"Dig Ophelia" as written by and Melora Rasputina Creager....
Dig Ophelia, consider it dug.
Flowers madness and polar bear rug
Here's the water, just ankle deep high.
Lay back and relax and look up at the sky.


Your eyes never close, your mind's not at rest,
Lay back, get waterlogged
Give us a kiss.


Water spreads the small seed
Water kills the tall weed.
Ophelia.


Cut the stem and you'll see how you feel
Floating orchids just ain't no big deal
Never knowing's like knowing too much
Tap the table, oh here's more bad luck.


Your eyes never close, your mind's not at rest,
Lay back, get waterlogged
Give us a kiss.


Water spreads the small seed,
Water kills the tall weed.
Ophelia.


Ophelia.



Lyrics submitted by Domitia

"Dig Ophelia" as written by Melora "rasputina" Creager

Lyrics © Warner/Chappell Music, Inc.

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Dig Ophelia song meanings
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12 Comments

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  • 0
    General Commenti love this song, it puts me to sleep at night when I've had a bad day
    Domitiaon April 29, 2002   Link
  • 0
    General Commentthis song is about ophelia, hamlet's lover in the Shakespeare play Hamlet
    concubineon May 09, 2002   Link
  • 0
    General CommentYes, it is about Ophelia, it is about her dying
    Domitiaon May 12, 2002   Link
  • 0
    General CommentTrue, it's the Ophelia of "Hamlet" fame, but I think there's a bit more interpretation to be found in the line "Your eyes never close, your mind's not at rest." The time shortly before her death was definitely a time of a lot of confusion and sadness. She was seeking peace in death, and an escape from the madness of the world and herself, but she couldn't even find it there.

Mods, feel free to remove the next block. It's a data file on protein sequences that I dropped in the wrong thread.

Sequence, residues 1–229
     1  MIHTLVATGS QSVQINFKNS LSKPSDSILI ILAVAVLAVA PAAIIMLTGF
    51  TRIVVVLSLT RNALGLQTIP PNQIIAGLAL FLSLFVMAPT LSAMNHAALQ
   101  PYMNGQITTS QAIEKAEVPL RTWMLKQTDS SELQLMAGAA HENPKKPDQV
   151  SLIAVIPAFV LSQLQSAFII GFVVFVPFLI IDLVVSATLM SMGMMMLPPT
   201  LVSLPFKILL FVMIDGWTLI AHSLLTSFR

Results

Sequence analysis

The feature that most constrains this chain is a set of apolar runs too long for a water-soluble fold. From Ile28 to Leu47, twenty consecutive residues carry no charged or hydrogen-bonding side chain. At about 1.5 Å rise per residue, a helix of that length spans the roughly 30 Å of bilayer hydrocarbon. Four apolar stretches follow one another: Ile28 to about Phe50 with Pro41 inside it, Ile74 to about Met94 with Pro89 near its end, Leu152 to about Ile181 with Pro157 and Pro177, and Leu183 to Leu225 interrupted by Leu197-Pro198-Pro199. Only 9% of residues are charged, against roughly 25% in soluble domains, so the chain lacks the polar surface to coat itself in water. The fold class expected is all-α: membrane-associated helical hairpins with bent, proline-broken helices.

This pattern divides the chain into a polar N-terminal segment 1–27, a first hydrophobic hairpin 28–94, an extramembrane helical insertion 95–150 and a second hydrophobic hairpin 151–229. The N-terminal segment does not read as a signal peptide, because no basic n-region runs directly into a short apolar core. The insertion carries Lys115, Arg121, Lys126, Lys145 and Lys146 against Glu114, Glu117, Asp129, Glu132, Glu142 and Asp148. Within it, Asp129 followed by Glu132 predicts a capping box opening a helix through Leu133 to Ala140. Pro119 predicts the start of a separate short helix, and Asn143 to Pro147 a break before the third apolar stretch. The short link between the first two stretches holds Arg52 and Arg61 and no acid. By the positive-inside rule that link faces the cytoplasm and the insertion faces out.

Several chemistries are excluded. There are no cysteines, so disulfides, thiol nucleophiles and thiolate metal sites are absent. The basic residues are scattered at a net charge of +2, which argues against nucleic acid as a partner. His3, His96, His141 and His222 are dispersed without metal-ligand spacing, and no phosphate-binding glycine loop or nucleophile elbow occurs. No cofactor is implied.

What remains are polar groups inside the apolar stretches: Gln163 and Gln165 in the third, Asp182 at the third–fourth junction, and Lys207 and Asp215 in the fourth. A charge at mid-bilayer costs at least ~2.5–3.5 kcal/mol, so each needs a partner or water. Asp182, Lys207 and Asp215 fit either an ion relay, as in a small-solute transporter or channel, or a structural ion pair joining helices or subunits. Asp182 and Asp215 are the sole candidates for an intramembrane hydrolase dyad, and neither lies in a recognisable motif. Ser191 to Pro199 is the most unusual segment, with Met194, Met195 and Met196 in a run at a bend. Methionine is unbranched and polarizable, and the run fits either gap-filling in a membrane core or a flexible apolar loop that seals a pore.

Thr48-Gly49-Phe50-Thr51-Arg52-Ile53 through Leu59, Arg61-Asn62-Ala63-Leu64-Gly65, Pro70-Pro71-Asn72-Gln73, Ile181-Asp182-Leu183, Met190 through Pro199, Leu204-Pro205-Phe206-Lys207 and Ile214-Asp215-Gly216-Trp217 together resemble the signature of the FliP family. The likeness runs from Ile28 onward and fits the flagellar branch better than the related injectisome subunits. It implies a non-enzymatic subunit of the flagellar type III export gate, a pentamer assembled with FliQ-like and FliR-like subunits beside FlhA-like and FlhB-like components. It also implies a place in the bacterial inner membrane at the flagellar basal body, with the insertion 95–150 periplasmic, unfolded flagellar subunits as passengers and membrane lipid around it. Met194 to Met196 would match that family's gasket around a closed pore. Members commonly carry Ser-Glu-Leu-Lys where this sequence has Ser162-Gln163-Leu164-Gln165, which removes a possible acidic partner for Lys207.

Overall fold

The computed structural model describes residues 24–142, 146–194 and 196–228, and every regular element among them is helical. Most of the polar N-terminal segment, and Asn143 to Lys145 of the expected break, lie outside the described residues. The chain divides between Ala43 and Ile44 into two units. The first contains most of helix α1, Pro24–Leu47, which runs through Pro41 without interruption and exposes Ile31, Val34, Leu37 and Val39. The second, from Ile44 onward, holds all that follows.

ClioMouseon May 22, 2002   Link
  • 0
    General CommentWe just finished reading "Hamlet" in AP Lit (like just yesterday), so it was kewl to hear this after reading the play. It really does make sense and is pretty tite like that
    jkdudeon March 04, 2003   Link
  • 0
    General Commenti love this song
    blackorchidon March 11, 2003   Link
  • 0
    General CommentI've never read Hamlet, though I agree that's probably what it means. But before hearing of that connection I had my own suspicions. I've seen the song as different types of longing and temptation.

    Dig Ophelia consider it dug
    Flowers madness and polar bear rug
    Here's the water, just ankle deep high.
    Lay back and relax and look up at the sky.
    I always saw this as a descent into madness, and the fight against it. The singer is temptation, tempting the person to just relax and give in, and telling them that there's no point in fighting, the fight's already lost...

    Your eyes never close, your mind's not at rest,
    Lay back, get waterlogged
    Give us a kiss.
    Again, it's temptation singing to them, telling them they're working too hard, fighting too hard. I saw this more like the sirens of the ocean singing and calling sailors (or whoever else) to come and join them.

    Water spreads the small seed
    Water kills the tall weed.
    Ophelia.
    Basically, telling you that everything has two sides to it. Ophelia, to me, was either the person Melora was singing to or singing about (like, using as an example)

    Cut the stem and you'll see how you feel
    Floating orchids just ain't no big deal
    Never knowing's like knowing too much
    Tap the table, oh here's more bad luck.
    You might as well let go, just to see what happens. Are all the things in there really so bad? After all, if you don't experience it, it'll be just as bad as what you fear most will happen if you do experience it. And the last sentence, is telling you that anything can be bad, like the reference of people's need to knock on wood.
    sayataon September 19, 2004   Link
  • 0
    General CommentThis song is hypnotic, I love it!
    foxxycottonon November 15, 2004   Link
  • 0
    General CommentUnrelated to the meaning of this song, but I got it stuck in my head once when I was having a bad acid trip and it's been difficult to listen to ever since.
    fierceroseon February 03, 2006   Link
  • 0
    General CommentAgreed @ sayata
    Jack Miceon June 30, 2008   Link

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